Water is life, water is food
We focus a lot on the UN’s various designated ‘days of action’ here at FertiGlobal, because they serve real purpose in drawing attention to things that matter, especially those in which we can identify our own principles and objectives.
But there’s one day in the year that really stands out – and not just for us. World Food Day is one of the most celebrated days of the UN calendar. Established in 1979 to honour the anniversary of the UN’s Food and Agriculture Organization, and first observed in 1981, the day is now recognised with collective action across more than 150 countries, in up to 50 languages. World Food Day underlines awareness of hunger and encourages action for the future of food, people and the planet.
To this end, every year World Food Day adopts a fresh theme to give new impetus to its work and to highlight areas where action should focus. In many countries, despite the importance of agriculture as a significant component of developing countries’ economies, all too often there’s not enough money available from public funds to underwrite the investment required to realise action; the private sector is valuable in making up this shortfall.
By using a theme to draw attention, private and public investment can be directed towards the most pressing needs. In 2023, that’s water: Water is life, Water is food. Leave no one behind.
The significance of this? Well, just 2.5% of the world’s water is naturally fresh, making it suitable for drinking, agriculture and other industrial uses. The UN describes this invaluable resource as ‘the driving force for people, economies and nature and the foundation of our food’.
But agriculture accounts for 72% of the world’s freshwater use – and it’s not infinite.
It’s especially not infinite when you consider the background against which we are using it: population growth, climate change, urbanisation and economic development. Our planet’s water resources are stressed: indeed, freshwater resources per person have declined by 20% in recent decades. How much further can we push it?
Not much, given that 2.4 billion people now live in water-stressed countries. For years we’ve worried that water scarcity will create the conflicts of the 21st century; in Egypt, Sudan, Ethiopia, Yemen, Turkey, Syria, Iraq, Iran, Afghanistan, China, Laos, India, Somalia, Bolivia and beyond, these concerns are already erupting into protests and transboundary disputes.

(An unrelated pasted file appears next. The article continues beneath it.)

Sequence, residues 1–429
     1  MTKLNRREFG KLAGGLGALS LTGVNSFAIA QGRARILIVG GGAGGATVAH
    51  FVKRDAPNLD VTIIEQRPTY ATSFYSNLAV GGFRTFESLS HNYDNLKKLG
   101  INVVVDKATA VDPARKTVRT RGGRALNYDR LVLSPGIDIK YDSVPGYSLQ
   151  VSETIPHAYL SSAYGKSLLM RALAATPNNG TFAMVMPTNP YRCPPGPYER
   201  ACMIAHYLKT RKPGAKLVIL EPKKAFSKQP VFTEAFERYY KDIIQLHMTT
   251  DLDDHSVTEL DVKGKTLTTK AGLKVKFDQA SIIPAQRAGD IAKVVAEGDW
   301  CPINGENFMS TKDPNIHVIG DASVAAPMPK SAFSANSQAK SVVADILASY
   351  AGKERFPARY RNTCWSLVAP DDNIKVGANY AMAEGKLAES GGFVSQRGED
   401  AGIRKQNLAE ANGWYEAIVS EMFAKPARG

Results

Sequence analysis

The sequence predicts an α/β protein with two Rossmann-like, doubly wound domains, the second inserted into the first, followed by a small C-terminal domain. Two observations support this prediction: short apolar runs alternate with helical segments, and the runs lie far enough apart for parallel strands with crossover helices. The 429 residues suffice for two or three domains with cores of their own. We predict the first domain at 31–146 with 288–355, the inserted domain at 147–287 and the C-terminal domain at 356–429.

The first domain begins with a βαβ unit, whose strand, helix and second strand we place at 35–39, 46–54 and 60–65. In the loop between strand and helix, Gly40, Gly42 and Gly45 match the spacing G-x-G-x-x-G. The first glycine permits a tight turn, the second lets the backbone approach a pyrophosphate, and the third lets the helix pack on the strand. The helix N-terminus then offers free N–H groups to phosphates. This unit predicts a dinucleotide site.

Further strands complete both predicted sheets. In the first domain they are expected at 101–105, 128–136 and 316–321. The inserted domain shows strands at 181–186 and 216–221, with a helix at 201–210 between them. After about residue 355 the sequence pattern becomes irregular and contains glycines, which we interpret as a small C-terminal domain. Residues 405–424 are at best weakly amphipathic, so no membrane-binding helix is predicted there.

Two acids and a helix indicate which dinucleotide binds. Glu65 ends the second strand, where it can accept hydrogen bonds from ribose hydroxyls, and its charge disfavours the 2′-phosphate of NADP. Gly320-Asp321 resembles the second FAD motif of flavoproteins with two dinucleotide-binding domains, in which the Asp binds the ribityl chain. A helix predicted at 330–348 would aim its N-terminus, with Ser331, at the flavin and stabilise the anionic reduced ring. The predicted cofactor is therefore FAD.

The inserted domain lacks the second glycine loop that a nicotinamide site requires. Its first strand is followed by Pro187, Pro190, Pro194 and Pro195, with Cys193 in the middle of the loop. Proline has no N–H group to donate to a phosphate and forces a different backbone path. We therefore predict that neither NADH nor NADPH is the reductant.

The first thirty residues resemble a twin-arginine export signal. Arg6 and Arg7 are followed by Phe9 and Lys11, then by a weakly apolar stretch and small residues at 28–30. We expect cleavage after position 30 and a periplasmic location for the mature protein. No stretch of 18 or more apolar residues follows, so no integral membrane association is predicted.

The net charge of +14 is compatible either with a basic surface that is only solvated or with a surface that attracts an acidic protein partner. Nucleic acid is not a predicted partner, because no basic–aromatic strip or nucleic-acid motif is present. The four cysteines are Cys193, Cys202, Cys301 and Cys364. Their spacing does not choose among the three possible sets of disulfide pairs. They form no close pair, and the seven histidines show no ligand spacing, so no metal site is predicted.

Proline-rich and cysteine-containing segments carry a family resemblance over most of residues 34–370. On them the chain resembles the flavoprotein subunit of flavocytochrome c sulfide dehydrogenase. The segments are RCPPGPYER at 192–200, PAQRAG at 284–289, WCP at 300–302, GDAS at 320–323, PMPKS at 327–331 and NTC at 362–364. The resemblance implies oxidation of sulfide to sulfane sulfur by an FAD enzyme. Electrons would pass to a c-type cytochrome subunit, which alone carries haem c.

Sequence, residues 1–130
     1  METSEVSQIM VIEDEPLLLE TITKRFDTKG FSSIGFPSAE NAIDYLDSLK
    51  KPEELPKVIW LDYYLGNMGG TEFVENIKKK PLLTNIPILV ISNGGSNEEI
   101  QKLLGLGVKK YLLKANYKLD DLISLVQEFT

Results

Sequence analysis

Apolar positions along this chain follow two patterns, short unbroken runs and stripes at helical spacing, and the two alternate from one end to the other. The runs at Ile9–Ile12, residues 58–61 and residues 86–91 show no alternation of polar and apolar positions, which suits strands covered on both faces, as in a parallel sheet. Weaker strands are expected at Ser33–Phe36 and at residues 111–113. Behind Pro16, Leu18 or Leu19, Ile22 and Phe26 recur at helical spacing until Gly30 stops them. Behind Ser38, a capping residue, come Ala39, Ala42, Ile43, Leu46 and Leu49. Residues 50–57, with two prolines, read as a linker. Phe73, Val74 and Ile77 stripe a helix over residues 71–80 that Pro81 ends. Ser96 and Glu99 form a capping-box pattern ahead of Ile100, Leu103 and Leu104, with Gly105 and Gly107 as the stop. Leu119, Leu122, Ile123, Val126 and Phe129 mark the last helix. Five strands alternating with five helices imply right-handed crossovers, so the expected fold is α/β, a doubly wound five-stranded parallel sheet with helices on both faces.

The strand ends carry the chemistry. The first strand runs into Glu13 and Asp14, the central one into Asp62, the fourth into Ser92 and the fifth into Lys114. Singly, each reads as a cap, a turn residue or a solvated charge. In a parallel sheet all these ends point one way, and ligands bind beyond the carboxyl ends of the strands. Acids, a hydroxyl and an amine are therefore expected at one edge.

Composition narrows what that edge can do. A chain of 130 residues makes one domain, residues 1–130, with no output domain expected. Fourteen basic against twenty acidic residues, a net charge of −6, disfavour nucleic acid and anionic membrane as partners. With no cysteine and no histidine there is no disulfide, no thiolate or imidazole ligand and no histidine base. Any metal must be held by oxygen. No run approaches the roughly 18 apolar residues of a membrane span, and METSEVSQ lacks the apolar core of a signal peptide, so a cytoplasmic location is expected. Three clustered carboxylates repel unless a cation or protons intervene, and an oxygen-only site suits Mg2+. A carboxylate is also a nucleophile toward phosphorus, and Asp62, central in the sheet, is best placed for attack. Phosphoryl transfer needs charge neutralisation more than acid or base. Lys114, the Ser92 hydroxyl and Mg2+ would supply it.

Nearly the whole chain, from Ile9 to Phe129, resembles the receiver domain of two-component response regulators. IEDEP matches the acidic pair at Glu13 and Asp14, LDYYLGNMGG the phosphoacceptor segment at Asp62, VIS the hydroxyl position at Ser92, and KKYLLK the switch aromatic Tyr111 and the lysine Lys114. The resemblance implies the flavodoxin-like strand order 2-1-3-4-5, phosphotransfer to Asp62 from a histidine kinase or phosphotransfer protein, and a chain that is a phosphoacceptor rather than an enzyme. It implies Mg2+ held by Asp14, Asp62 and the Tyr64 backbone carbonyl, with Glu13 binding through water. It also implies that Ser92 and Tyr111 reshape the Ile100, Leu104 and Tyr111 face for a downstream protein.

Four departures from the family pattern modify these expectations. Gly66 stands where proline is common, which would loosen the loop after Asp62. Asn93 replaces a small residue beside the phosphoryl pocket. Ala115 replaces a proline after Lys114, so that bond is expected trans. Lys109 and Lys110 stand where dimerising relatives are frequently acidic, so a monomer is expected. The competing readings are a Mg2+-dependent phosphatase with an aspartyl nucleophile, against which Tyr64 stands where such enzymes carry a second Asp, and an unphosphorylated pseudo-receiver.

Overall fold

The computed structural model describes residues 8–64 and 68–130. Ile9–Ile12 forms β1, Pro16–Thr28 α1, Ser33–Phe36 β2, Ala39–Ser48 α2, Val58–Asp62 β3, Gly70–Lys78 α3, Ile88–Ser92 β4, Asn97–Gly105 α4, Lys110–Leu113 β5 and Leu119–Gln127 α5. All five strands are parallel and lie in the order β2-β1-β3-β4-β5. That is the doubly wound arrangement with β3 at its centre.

So it’s time to start managing water more wisely – using less of it to produce food and other commodities, and being more equitable when it comes to distribution and access. While governments and supranational organisations undoubtedly have their roles to play in designing and promoting policies that will achieve wiser water use, so too does the consumer. The UN points out that we – the general public – can make a difference by choosing local, seasonal and fresh foods, wasting less of it (including less food waste) and finding safe ways to reuse it while preventing water pollution.
As innovators ourselves, we love the attention being paid to agricultural water innovation throughout the world. Take the British company Alvatech, for example: its research is focused on conserving valuable irrigation water by making saline water usable in the field. Then there’s the work being conducted by institutions such as the International Centre for Biosaline Agriculture, where successful attempts are being made to promote the safe use of wastewater for agriculture. And a special mention to the Daugherty Water for Food Global Institute at the University of Nebraska, in the US, where they’re not only working on new techniques for good water management practice, but developing the understanding and leadership that we need to manage water sustainably and increase food security.
Of course, we’re not without our own innovations, too. Keeping plants healthy and well-fed, with the right amount of the right nutrients delivered at the right time – that’s a sure-fire way to delivering plants that can cope better with the rigours of climate change, by making them more resilient to drought stress.
And as we never tire of explaining, FertiGlobal’s Total Crop Management approach is designed with both the grower and the environment in mind: helping growers to make the right decisions and take the right steps in successful crop management ensures we’re making better use of the precious resources needed by agriculture. That means we can grow more with less – and that’s a principle that, delivered by farmers across the world, will go a long way to reducing the misery of hunger.
So, this World Food Day, October 16th – think about what you can do for the future of food, people and the planet, especially when it comes to water use. Read more about it here